Who is Henri Bergson?

Who is Henri Bergson?

June 25, 2021 Off By Felso

French philosopher Henri Bergson was born in Paris in 1859.

The movement was the pioneer of what he called “process philosophy”, rejecting static values ​​according to the values ​​of change and evolution. The thinker, who was also a good man of letters, received the Nobel Prize for Literature in 1927.

His teaching career began outside of Paris. In his 1889 work Time and Free Will, Bergson sought to explain the concept of time as opposed to what he saw as a spatialized conceptual understanding of time measured by a clock employed by science. . He claimed that the psychological facts in the inner self of man are qualitatively different from each other and that psychologists in particular distort the facts. He criticized Fechner’s Law, which suggested that it establishes a calculable relationship between the intensity of the stimulus and the intensity of the corresponding sensation. He argued that objections to human freedom in the name of scientific determinism were unfounded.

In 1891 he married Louise Neuburger, cousin of the French novelist Marcel Proust. Meanwhile, he set out to explore the relationship between mind and body. The prevailing doctrine was psychophysiological parallelism, which asserted that for every psychological fact there is an appropriate physiological fact that definitively determines it. Although he was convinced that he had refuted the determinism argument, his own work in his doctoral thesis did not attempt to explain how mind and body were related. The findings of his research on this problem were published in 1896 under the title Matière et mémoire (Matter and Memory).

His analysis, as in his books, began with the identification of a specific problem and first studied empirical facts known to current scientific opinion. Therefore, for his book Matière et Mémoire, he did a literature review on memory, psychological phenomena, and the loss of language use. According to the psychophysiological parallelism theory, a lesion in the brain must also affect the basis of a psychological force. The emergence of Bergazi aphasia showed that this was not the case. In this way, the affected person understands what others have to say, knows what he wants to say, does not paralyze his speech organs and cannot speak. This fact claims that it is not a lost memory but rather the bodily mechanism necessary to express it. From this observation, Bergson concluded that the memory, mind, or spirit is independent of the body and is used to achieve its own purposes.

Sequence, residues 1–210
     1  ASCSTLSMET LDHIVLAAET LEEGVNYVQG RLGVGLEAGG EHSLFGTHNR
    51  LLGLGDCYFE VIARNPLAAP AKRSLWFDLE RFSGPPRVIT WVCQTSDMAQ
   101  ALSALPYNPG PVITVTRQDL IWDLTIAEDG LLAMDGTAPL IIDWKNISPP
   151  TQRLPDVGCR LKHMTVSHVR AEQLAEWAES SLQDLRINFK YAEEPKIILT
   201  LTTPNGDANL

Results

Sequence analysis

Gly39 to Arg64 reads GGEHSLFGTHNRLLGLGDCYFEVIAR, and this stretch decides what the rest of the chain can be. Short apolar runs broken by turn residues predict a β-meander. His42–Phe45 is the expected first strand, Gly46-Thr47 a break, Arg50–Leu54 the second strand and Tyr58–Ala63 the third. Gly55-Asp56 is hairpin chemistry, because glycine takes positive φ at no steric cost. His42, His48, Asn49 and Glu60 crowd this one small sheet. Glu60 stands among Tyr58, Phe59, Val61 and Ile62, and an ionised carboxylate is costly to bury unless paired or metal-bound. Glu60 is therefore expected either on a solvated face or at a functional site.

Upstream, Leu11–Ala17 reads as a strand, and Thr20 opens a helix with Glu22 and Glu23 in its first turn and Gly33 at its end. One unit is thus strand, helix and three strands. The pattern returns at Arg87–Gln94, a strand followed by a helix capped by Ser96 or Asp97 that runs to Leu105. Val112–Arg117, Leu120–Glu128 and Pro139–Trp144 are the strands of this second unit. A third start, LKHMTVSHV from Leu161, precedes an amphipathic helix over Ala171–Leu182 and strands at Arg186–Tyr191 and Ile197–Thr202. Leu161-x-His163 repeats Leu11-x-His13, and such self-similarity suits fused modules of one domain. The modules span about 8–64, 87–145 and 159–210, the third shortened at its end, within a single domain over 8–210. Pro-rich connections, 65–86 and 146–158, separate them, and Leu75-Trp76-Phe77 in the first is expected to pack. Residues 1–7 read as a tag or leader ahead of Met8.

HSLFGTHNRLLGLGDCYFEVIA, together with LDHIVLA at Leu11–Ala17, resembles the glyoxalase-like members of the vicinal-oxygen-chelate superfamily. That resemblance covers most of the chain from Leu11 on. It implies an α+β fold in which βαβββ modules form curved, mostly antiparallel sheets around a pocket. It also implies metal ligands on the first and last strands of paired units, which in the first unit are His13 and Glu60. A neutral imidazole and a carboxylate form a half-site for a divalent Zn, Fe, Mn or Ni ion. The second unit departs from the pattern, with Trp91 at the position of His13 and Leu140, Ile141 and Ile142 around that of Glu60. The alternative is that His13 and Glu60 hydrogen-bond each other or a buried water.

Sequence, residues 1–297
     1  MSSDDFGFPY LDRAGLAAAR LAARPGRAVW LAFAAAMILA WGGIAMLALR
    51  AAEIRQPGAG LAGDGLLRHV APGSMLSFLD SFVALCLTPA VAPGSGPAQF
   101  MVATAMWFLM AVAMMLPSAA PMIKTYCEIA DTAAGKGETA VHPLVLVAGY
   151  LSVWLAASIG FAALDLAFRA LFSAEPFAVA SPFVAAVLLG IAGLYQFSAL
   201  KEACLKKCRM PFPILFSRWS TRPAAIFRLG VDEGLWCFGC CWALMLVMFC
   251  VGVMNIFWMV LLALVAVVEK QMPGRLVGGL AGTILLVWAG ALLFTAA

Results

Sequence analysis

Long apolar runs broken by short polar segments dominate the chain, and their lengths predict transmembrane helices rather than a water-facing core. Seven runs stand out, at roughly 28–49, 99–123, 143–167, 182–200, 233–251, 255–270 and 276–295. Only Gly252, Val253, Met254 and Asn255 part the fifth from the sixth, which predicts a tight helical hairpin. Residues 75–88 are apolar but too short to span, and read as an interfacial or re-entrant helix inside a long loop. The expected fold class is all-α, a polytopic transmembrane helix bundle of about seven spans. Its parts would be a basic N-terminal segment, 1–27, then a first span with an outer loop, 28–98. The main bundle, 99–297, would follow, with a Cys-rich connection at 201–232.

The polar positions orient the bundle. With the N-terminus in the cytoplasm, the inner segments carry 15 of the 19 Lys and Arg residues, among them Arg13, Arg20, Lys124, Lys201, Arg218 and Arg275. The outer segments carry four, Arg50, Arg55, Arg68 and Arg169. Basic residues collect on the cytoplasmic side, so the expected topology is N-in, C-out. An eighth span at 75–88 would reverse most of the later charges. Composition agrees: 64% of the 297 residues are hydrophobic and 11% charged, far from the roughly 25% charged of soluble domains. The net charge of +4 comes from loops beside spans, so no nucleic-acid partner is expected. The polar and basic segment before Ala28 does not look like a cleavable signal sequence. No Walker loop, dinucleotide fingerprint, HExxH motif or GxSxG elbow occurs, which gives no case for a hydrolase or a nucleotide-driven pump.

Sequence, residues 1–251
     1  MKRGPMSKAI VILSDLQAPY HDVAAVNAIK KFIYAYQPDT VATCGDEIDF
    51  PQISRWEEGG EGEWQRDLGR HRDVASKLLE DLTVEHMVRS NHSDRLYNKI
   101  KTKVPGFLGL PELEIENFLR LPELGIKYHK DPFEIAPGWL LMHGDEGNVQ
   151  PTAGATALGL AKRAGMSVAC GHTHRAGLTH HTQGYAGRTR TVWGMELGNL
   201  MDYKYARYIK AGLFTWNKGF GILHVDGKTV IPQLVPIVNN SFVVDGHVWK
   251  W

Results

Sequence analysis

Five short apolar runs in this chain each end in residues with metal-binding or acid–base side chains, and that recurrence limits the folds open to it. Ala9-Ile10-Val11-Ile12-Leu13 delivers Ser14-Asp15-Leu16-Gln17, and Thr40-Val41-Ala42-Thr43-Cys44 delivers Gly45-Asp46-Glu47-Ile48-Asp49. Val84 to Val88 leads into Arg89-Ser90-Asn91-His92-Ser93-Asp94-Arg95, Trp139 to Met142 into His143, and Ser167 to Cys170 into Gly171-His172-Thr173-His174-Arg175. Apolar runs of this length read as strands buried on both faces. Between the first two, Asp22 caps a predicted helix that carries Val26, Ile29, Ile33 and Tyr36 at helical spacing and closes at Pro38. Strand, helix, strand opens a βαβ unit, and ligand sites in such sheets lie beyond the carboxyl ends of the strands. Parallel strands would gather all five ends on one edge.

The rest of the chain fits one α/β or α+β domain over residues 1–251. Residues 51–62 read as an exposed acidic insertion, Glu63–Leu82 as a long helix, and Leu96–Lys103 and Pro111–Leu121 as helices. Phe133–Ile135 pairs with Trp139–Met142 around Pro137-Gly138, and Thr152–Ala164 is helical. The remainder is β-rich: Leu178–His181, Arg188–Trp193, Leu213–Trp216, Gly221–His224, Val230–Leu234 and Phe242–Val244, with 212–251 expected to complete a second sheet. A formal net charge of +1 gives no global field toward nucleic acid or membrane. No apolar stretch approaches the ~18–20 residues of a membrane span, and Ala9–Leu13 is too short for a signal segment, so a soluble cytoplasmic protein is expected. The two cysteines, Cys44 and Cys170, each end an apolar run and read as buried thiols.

Retired in 1914, the philosopher died in Paris in 1941.

He is the son of a Jewish family who immigrated from England to France. During his high school years, he first became interested in mathematics and then philosophy. While studying philosophy at the École Normale Supérieure, he was influenced by the evolutionism of Herbert Spencer.

Evolutionism is the view that, in Charles Darwin’s (1809-1882), The Origin of Species (1859), all living things are actually descended from a common ancestor, that species do not remain as they were in the beginning or as they were created, but that they change constantly by adapting to new conditions in the world. Darwin calls the mechanism that determines which living things will exist and which will perish, “natural selection.” The idea of ​​evolution played an important role in the emergence of biology as a science in the 19th century. The classification of living things and the biological system could be established thanks to this idea. Influenced by Charles Darwin’s theories, Herbert Spencer is a thinker who moved the concept of evolution from the field of biology to the field of philosophy and sociology.

While studying Plato’s philosophy, he was also researching the natural sciences, especially biology. Bergson taught philosophy at various high schools before teaching at the École Normale Supérieure. He was elected a member of the French Academy in 1914. He served at the Collège de France. Bergson, who went into seclusion after 1924 due to health problems, died in Paris in 1941.

Bergson’s philosophy is found in his four main works:

1. Essay on the Immediate Data of Consciousness (Essai sur les données immédiates de la conscience (1889)).

2. Matter and Memory (Matière et mémoire (1896)).

3. Creative Evolution (L’Évolution créatrice (1907)).

4. The Two Sources of Morality and Religion (Les deux sources de la morale et de la religion (1932))

Apart from these four works, the philosopher also has two books such as Laughter (Le Rire, (1900)), Continuity and Simultaneity (Durée et simultanéité (1922)). These works apply Bergson’s general teaching to specific problems. In addition to these, the books titled The Power of Mind (L’Énergie spirituelle (1919)) and Thought and Movement (La Pensée et le mouvant (1919)) contain articles and conference proceedings compiled by Bergson himself, which shed light on the four main works mentioned above. . Bergson has willed that his unfinished texts, lecture notes and letters not be published after his death.

Bergson has a dualist understanding of being. Being, spatial matter